Unemployment is still high for US standards and foreclosures have left a lot of citizens homeless. The America that scarcely trembled in the wake of wars, disasters and crises was left shaky well before President Obama took over; some tremors still persist from the past Administration’s errors. What really counts is that the nation has recently spoken with its votes and the President has now a tough ride ahead to get to where America should be. In danger are such important endeavours such as the new healthcare plan or the taxing of the wealthier. Now, America may again turn its back on the social equality levels the Obama Administration pretended to reach. The influential lobbies may win the day by curtailing green energies in lieu of petroleum or the causers of the still persistent economic crisis, back in the driver’s seat of powerful entities, may submerge the US economy anew in new global conflicts in the wake of their making their profits.

 

The world scene isn’t any better. While Guantanamo remains operative, the joint world resistance to terrorism has been weakened due to vested interests of other world powers. The Palestinian-Israel conflict is at a standstill but may burst into open conflict at any time. Iran has not been subdued in its intent to convert itself into a nuclear-armed state and may never give in whilst it has China’s blessings. Further east, the two Koreas are on the verge of a nuclear war, with a US aircraft carrier already on the scene. The end of the Cold War with the defunct USSR (now Russia) may have an Asian offspring that refuses to come to an end. America, as the world superpower, is deep into every single international conflict and will remain even more so after the new scenario for NATO was drawn up a few days ago in the Lisbon summit.

 

Happiness seems to elude Americans this 2010. What must Americans be thankful for on this Thanksgiving Day?

 

 

 

Fernando Fuster-Fabra

Barcelona

 

 

 

 


OBAMA AFTER G-8 / G-20 CANADIAN RENDEZVOUS

July 5, 2010
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Seventeen months after taking oath of office and three G-20 summits held since then, President Obama must review his track record on international achievements thus far.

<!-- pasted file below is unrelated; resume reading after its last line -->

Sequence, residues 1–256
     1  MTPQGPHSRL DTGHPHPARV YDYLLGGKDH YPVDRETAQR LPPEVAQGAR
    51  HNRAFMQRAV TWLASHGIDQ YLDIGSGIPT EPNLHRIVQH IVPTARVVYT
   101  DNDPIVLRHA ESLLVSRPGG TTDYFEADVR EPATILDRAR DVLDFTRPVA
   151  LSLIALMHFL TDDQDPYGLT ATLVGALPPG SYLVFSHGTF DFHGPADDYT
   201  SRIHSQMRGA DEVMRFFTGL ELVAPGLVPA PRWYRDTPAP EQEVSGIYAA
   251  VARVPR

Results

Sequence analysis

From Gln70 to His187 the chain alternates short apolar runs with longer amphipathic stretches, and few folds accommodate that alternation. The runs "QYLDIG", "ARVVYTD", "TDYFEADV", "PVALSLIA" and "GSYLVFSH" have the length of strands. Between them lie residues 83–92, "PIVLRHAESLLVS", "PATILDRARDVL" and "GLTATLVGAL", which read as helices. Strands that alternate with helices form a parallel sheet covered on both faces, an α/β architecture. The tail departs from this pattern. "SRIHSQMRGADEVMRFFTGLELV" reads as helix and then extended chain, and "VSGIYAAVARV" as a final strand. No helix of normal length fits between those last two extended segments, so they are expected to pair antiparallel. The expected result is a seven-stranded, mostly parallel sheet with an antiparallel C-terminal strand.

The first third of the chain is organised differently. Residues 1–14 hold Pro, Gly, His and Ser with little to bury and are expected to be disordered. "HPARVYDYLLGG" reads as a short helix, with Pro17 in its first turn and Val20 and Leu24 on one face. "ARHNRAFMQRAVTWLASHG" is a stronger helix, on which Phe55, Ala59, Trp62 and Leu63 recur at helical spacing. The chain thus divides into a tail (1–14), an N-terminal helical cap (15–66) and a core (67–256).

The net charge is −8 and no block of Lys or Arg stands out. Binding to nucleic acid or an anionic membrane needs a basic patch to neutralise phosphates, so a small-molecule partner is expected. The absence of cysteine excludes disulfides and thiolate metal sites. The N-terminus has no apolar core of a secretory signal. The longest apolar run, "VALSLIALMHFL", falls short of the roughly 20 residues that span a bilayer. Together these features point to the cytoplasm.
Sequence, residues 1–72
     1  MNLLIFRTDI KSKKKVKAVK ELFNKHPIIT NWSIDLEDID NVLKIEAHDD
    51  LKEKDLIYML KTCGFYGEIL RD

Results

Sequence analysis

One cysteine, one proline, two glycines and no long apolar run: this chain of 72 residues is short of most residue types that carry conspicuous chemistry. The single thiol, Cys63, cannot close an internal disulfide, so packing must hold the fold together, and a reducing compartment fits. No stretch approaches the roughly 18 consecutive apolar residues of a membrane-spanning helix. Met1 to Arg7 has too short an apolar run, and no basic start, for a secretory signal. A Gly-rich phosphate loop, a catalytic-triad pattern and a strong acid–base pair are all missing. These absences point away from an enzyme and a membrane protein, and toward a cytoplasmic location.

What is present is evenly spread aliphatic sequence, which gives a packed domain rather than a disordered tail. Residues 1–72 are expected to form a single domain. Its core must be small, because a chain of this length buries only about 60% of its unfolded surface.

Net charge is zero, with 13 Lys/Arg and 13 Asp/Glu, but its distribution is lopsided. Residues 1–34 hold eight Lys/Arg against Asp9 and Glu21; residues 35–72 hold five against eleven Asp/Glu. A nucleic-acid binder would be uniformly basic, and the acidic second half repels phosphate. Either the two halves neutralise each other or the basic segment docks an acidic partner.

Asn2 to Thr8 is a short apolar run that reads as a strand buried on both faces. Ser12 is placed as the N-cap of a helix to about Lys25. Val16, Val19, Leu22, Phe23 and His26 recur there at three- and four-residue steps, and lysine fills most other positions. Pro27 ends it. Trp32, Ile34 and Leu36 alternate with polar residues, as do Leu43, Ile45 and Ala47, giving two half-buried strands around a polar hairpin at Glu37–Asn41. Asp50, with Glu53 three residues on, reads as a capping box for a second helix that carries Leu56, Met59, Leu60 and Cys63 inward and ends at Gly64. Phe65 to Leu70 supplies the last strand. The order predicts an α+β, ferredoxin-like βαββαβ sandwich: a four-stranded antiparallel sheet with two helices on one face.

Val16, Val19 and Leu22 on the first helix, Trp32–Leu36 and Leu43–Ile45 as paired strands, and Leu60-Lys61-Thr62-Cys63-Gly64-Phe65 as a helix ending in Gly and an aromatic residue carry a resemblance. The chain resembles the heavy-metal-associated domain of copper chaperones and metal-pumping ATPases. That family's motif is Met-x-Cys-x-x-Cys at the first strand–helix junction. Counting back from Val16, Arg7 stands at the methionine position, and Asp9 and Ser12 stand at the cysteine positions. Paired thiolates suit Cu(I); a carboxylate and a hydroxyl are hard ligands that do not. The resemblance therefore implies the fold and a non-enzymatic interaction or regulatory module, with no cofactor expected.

Whilst Obama’s first year was loaded with international engagements that culminated in a Peace Nobel Award, 2010 has been mainly centred on a domestic agenda laden with Republican rebuffs and unsavoury surprises on the home front. This may have been initially essential to curtail far too rapid popularity erosion and possible Democratic defeats in the forthcoming congressional elections in November but became even more demanding after the BP oil spill in the Gulf of Mexico with incalculable impact on the US coastline.

A week after the latest international G-8 & G-20 summits in Canada and coinciding with the traditional 4th of July celebrations, Gulf Coast beaches were solitary scenes on an otherwise jam-packed day. The fireworks on such a relevant day for the United States were not limited to the evening sky glitters nationwide but to a series of worrying issues both on the home front as well as abroad.

In the local scene, unemployment hit a 10% record figure which if properly considered would stand for as much as 16.5% seeking a job in the 50-star nation. Temporary jobs created by the Administration over the last months to undertake the census were not enough as private entrepreneurs languished with a lack of steady job offers. Consumption isn’t at its best, not even with the 4th of July festivities on the going. America is immersed in a serious economic crisis that may not go away so easily and end, as Krugman predicts, in another Great Depression.